Riot in a donut shop? It must be PRIDE season!



Most of us know the story of June 27, 1969 – when police raided The Stonewall Inn and New York’s gay community rioted in the streets for three long, game-changing nights: events now widely accepted as the birth of the modern Gay Rights Movement.

Ten years before that, however, in the arid, utopic city of Los Angeles the queer community was already fighting worthy, rowdy battles: namely in a late-night eatery called Cooper’s Donuts.

Perched between two gay bars – Harold’s and the Waldorf – the donut shop sounds like the 1950s LA equivalent of one of the Chicken Cottages in 2015 Soho, London: a late night hang-out for gays, hustlers, queers, lesbians and trans folk.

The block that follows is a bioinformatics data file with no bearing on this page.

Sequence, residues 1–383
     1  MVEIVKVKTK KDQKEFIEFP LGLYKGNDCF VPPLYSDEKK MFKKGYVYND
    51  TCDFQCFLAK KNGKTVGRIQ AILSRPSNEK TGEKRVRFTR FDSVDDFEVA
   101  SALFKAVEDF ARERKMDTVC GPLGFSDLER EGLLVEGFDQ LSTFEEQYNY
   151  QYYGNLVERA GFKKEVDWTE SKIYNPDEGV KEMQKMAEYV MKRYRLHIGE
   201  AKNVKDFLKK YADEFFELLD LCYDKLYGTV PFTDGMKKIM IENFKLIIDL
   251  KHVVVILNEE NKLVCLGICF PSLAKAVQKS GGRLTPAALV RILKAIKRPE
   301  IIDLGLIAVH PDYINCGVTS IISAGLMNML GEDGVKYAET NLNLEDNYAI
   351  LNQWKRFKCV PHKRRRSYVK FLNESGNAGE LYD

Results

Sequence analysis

But it wasn’t always as much fun as that sounds: one hot night in May 1959 two cops turned up and started harassing the clientele, checking IDs, randomly arresting some drag queens and younger men. This time, the crowd had had enough, and soon a full blown booze-and-baked-goods fueled riot ensued.

So – to kick off Pride season – have a donut today (and a drink, and maybe a quick cruise in a Krispy Kreme if you fancy it). But don’t forget those down-n-outs, queens, queers and prostitutes that were the original voices for the emancipation of the entire LGBTI community today.